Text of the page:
Social networking giant Facebook Thursday announced it has picked up minority stake in Meesho, an Indian startup that helps entrepreneurs set up online businesses via social channels.
No financial details of the transaction were disclosed.
Meesho has previously raised about USD 65 million from a clutch of investors, including DST Partners, RPS Ventures, Shunwei Capital, SAIF Partners, Sequoia India and Y Combinator.
"There are three reasons for making this investment. One, we are very excited by the founders and the team. Second is their focus on tier II and III cities, so they sort of addressing the new India that's showing up on the internet beyond the large metros," Facebook India Vice President and Managing Director Ajit Mohan told PTI.
Another deciding factor was the base of two million resellers on Meesho's platform, of which about 80 per cent are women entrepreneurs, he added.
"...it is fueling female entrepreneurship, and therefore driving the job creation agenda. So for us, we saw a huge opportunity for really, for us to play the role to be an ally for India's economic growth," he noted.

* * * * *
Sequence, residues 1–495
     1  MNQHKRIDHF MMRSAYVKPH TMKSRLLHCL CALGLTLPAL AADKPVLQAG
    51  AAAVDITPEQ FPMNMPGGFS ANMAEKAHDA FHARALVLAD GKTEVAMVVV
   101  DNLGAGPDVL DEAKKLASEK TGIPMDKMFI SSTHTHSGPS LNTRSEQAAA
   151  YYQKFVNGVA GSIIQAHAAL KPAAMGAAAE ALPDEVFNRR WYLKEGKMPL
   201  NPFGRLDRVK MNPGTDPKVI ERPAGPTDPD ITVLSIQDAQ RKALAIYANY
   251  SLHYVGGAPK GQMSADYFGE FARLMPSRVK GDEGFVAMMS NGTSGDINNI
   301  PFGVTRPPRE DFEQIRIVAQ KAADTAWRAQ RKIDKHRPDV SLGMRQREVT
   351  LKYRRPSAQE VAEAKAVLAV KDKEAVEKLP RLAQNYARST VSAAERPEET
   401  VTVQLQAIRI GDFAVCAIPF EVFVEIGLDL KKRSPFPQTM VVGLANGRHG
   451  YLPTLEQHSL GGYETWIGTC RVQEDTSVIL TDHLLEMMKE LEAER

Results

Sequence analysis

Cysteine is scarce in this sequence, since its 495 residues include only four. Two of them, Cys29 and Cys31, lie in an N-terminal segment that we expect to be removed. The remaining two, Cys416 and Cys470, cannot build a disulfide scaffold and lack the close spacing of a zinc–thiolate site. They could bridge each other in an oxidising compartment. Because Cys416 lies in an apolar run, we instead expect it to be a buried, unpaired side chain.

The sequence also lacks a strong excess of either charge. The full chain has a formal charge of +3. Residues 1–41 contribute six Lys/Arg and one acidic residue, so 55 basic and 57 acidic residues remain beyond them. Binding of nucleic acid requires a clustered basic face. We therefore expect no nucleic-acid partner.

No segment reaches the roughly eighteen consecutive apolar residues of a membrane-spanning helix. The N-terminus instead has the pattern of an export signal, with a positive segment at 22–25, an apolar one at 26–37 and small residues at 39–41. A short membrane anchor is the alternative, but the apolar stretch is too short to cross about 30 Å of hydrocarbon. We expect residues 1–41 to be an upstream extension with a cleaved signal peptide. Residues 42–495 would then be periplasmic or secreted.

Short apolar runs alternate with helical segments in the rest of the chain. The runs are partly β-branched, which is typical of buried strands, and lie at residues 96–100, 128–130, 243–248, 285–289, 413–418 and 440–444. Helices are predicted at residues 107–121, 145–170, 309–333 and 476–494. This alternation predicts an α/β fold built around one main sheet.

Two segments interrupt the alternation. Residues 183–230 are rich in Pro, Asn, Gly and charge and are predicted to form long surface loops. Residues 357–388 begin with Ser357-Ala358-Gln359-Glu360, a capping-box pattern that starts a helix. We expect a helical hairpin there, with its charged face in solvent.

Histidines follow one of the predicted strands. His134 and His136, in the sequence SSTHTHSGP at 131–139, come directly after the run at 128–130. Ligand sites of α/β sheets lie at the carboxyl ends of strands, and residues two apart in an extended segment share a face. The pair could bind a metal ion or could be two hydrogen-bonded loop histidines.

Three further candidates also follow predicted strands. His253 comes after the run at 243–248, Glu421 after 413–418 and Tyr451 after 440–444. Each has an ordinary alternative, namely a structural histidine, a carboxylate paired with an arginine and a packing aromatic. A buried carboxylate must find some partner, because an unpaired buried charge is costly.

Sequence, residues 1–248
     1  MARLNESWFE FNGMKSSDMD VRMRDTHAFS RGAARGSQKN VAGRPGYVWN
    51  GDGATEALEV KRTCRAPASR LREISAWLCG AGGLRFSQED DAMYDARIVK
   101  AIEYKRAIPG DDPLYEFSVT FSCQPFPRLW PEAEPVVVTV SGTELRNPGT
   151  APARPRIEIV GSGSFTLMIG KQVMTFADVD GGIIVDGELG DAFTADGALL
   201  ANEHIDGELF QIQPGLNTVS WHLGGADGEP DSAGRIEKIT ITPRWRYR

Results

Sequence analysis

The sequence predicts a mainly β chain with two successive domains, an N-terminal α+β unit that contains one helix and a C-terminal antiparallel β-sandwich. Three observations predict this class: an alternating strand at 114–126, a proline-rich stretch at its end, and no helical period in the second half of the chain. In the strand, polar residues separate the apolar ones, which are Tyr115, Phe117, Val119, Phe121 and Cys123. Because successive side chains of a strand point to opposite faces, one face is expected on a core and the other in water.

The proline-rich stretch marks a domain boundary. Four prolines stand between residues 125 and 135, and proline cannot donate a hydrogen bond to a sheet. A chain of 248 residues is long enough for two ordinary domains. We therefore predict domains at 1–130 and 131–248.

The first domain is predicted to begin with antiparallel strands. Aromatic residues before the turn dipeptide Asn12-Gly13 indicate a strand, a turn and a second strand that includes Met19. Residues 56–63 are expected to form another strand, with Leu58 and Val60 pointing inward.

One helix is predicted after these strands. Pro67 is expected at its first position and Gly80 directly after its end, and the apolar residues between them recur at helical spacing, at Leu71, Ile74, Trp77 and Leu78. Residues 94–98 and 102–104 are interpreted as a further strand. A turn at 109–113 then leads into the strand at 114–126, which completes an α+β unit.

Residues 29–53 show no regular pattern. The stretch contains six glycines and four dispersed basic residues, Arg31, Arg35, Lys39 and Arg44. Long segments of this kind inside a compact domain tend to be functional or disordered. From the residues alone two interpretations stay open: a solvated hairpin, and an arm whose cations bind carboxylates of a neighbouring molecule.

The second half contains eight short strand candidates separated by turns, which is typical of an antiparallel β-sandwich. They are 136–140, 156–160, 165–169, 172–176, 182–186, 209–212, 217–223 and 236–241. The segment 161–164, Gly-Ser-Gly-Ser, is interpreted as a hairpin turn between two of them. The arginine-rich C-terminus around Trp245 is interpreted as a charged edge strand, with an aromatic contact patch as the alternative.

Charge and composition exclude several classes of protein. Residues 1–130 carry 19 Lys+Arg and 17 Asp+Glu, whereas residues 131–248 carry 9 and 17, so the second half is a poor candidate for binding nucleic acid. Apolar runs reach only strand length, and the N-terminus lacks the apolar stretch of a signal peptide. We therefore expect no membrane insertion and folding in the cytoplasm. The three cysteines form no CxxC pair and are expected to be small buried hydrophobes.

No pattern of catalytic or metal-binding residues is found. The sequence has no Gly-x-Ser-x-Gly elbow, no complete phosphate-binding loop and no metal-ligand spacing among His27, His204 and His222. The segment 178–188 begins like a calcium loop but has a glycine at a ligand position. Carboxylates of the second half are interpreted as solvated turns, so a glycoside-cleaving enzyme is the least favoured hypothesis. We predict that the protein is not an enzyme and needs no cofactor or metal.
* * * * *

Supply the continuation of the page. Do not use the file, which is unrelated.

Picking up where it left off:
This is the company's second investment in India. In 2014, Facebook had acquired Hyderabad-based Little Eye Labs that built performance analysis and monitoring tools for mobile app developers.
Meesho, a social commerce platform, provides small and independent entrepreneurs with products and tools to start and grow their businesses. It facilitates a three-way marketplace enabling resellers, SMBs, and micro-entrepreneurs across India to connect with potential buyers using social media.
Vidit Aatrey, co-founder of Meesho, said over the last four years, the company has grown from its humble beginnings at IIT to 15,000 suppliers and 20 lakh resellers throughout India.
"We share a common goal with Facebook - to enable community and help small businesses grow. This commitment from Facebook will help us leapfrog towards our goal," he added.
Asked if Facebook would invest in more Indian startups, Mohan said the company is "open to explore conversations".
"We're not setting up an India fund. That means there's no deterministic model or timeline for investments that may come with setting up a fund... we're open to explore conversations, and impact will be the sole lens that we apply... (if) we feel there are opportunities and there are partners who see value in us being on the table and participating, we will explore that," he said.
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